Assessing the contribution of the North American Breeding Bird Survey to Conservation

Ken Rosenberg (Cornell lab of Ornithology), Peter Blancher (Environment and Climate Change Canada), Jessica Stanton (UMESC), and Arvind Panjabi (Bird Conservation of the Rockies) reviewed the utility of data collected by the North American Breeding Bird Survey to the Partners in Flight (PIF) species assessment process. This assessment process forms the basis for PIF's continental and regional planning and has informed the prioritization ranking and legal status of bird species for protection by state, provincial, and national agencies in Canada, the U.S., and Mexico. The paper is available online, at (Jessica Stanton,, Ecosystems).

Scientific Meetings, Conferences, and Workshops

Great Lakes Sea Duck Symposium

Kevin Kenow and Luke Fara (UMESC) participated in the Great Lakes Sea Duck Symposium at Winous Point Marsh Conservancy in Port Clinton, OH, July 9-11, 2017.  Kenow presented, “Distribution and Relative Abundance of Migrating and Wintering Sea Ducks on Lake Michigan,” based on aerial surveys conducted by UMESC during 2009-2014. Fara presented an update on long-tailed duck research currently underway on Lake Michigan. The Great Lakes Sea Duck Symposium was created to develop and maintain a community of scientists, managers, administrators, and other stakeholders that share information and develop action items aimed at increasing the efficiency and effectiveness of science-based conservation and monitoring of sea ducks using the Great Lakes (Kevin Kenow,, Ecosystems).

Partners in Flight International Science Committee Meeting

Jessica Stanton (UMESC) presented and lead a discussion on incorporating uncertainty in North American landbird population size estimates, at the annual meeting of the Partners in Flight (PIF) International Science Committee Meeting, July 11-13, 2017, at the Cornell Lab of Ornitholog in Ithaca, NY. Stanton will discuss the sources of uncertainty and how incorporating uncertainty in population size estimates impacts the PIF species assessment scores (Jessica Stanton,, Ecosystems).

Monarch Butterfly Research: Designing a Robust Monitoring Scheme for Natural Resources at a Continental Scale

Emily Weiser (UMESC) presented, “Designing a Robust Monitoring Scheme for Natural Resources at a Continental Scale,” during a special symposium on Statistical Challenges and Opportunities for Supporting National Ecological Monitoring Programs, at the Joint Statistical Meetings in Baltimore, MD, July 29-August 3, 2017. The presented work focused on monarch butterflies and the resources that sustain them, conducted in collaboration with co-authors Jay Diffendorfer, Darius Semmens (GECSC), Wayne Thogmartin (UMESC), and Laura López-Hoffman (The University of Arizona) (Emily Weiser,, Ecosystems).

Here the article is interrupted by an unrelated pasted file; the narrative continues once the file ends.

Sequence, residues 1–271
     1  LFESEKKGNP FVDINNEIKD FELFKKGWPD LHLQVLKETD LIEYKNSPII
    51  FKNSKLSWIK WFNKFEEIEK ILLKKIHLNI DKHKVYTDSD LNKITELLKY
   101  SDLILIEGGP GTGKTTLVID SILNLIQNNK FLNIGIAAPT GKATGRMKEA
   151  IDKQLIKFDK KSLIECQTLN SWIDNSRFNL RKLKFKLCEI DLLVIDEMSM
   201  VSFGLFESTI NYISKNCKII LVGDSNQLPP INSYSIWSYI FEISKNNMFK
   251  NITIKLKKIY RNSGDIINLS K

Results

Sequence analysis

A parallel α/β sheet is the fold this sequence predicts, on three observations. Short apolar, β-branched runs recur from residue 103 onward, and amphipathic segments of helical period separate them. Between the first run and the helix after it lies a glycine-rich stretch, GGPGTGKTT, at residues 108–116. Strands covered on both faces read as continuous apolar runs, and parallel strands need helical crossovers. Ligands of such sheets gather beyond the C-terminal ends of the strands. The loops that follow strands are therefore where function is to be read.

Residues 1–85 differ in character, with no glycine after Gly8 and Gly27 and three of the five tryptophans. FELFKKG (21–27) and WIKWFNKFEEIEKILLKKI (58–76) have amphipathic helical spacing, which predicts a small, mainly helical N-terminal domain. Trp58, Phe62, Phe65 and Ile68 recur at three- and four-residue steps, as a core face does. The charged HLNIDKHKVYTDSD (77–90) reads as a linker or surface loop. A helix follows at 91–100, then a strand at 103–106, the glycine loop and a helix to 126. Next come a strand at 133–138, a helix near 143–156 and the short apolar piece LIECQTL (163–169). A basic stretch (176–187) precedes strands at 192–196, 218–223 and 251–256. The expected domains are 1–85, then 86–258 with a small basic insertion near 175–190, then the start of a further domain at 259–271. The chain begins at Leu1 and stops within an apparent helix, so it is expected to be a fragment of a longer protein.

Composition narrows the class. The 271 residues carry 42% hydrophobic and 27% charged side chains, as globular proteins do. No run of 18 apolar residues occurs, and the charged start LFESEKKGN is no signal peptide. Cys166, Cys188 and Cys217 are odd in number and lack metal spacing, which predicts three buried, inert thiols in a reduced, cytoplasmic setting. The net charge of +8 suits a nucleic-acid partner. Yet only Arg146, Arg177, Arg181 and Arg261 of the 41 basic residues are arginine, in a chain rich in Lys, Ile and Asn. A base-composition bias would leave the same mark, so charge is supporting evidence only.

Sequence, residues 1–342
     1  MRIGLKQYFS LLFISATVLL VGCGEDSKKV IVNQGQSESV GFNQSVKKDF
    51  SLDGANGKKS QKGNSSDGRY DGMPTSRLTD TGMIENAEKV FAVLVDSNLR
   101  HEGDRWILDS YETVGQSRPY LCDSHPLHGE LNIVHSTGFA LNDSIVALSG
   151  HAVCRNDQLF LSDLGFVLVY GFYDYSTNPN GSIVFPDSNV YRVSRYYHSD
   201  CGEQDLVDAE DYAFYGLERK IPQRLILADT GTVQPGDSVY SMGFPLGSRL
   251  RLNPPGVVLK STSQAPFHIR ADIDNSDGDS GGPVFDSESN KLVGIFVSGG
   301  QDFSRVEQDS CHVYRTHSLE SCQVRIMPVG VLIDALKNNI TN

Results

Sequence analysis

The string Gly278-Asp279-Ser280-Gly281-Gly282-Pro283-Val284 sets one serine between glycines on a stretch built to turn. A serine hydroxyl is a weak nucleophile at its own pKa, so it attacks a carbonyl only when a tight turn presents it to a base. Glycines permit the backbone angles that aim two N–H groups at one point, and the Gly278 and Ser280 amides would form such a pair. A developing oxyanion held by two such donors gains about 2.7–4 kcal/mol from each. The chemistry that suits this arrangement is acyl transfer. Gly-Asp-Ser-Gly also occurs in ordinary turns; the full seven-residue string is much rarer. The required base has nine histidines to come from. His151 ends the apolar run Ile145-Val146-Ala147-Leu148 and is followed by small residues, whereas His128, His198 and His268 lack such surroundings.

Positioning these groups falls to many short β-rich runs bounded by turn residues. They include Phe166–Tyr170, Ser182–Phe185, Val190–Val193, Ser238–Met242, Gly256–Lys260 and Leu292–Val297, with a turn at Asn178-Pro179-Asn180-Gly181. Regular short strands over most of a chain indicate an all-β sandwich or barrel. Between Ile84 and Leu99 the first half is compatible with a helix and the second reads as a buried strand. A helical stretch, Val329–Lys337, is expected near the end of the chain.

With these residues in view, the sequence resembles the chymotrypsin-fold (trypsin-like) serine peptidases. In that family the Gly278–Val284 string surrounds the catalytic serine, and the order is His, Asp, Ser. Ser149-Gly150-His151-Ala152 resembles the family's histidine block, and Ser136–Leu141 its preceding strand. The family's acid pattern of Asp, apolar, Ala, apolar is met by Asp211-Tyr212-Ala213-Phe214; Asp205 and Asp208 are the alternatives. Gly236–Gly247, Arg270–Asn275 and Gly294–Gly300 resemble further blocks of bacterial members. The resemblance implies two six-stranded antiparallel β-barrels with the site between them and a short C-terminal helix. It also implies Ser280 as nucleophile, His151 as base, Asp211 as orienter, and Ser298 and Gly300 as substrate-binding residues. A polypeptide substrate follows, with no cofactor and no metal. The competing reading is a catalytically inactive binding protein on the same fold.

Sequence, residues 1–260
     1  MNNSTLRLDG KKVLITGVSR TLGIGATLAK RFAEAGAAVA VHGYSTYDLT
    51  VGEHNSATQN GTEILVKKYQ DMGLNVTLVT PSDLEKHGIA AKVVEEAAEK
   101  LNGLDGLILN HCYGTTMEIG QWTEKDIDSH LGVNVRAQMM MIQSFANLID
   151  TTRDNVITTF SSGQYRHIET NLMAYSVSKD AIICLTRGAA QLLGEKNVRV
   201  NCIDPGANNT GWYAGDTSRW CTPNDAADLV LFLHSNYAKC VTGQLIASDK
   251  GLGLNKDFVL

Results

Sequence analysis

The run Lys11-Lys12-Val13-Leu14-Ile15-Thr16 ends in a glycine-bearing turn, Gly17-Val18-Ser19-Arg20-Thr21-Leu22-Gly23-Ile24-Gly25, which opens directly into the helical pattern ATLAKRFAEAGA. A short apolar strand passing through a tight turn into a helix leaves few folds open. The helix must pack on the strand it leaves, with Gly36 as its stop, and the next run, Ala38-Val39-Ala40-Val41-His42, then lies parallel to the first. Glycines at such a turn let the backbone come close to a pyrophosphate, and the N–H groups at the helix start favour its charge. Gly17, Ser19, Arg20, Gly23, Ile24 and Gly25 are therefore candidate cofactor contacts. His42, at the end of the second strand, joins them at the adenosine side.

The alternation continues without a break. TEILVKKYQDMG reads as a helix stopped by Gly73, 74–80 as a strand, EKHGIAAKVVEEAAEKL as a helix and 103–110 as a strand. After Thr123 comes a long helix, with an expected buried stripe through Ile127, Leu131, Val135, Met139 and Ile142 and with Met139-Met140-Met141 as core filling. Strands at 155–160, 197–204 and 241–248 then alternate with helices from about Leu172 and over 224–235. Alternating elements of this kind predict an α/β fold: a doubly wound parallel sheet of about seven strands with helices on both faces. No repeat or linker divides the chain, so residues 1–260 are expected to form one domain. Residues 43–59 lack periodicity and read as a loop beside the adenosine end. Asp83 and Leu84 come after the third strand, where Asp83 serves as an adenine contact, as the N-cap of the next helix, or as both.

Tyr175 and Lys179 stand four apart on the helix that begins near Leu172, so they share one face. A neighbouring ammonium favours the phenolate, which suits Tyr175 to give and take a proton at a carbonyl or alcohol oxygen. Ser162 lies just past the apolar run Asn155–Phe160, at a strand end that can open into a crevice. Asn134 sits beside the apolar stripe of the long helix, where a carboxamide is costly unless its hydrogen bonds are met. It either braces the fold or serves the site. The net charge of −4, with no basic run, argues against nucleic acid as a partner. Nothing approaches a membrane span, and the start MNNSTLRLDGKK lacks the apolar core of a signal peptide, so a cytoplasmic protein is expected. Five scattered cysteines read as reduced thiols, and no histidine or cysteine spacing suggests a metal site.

American Ornithological Society Meeting

Kevin Kenow (UMESC) was coauthor on two presentations at the joint meeting of the American Ornithological Society and Society of Canadian Ornithologists, July 23-August 5, 2017, in East Lansing, MI. Aerial surveys of waterbirds using Lake Michigan during the non-breeding season conducted by UMESC personnel during 2011-2013 are incorporated into the analyses that serve as the bases for these presentations (Kevin Kenow,, Ecosystems).

Statistical Challenges, and Opportunities for Supporting National Ecological Monitoring Programs

Brian Gray (UMESC) served as the discussant of presentations at a special symposium on Statistical Challenges and Opportunities for Supporting National Ecological Monitoring Programs, at the Joint Statistical Meetings in Baltimore, MD, July 29-August 3, 2017. The symposium was chaired by Kathi Irvine (NOROCK), and included the presentation, “Designing a Robust Monitoring Scheme for Natural Resources at a Continental Scale,” for monarch butterflies and the resources that sustain them (Emily Weiser (UMESC), Darius Semmens (GECSC) and Wayne Thogmartin (UMESC) co-authors).  Gray also co-lead a discussion of methods to address challenges to environmental and ecological statisticians arising from geographical isolation from other statisticians. Such challenges may be faced by statisticians and quantitative scientists within DOI (Brian Gray,, Ecosystems). 


DOI – Department of the Interior
GECSC – Geosciences and Environmental Change Science Center
GLRI – Great Lakes Restoration Initiative
GRSM – Great Smokey Mountains
MBI – Marrone Bio Innovations
NOAA – National Oceanic and Atmospheric Administration
NOROCK – Northern Rocky Mountain Science Center
NPS – National Park Service
NSF – National Science Foundation
PBR – Potential Biological Removal
PIF – Partners in Flight
TFM – 3-trifluoromethyl-4-nitrophenol
TOMWC – Tip of the Mitt Watershed Council
UMESC – Upper Midwest Environmental Sciences Center
USFWS – U.S. Fish and Wildlife Service
USGS – U.S. Geological Survey
UWL – University of Wisconsin at La Crosse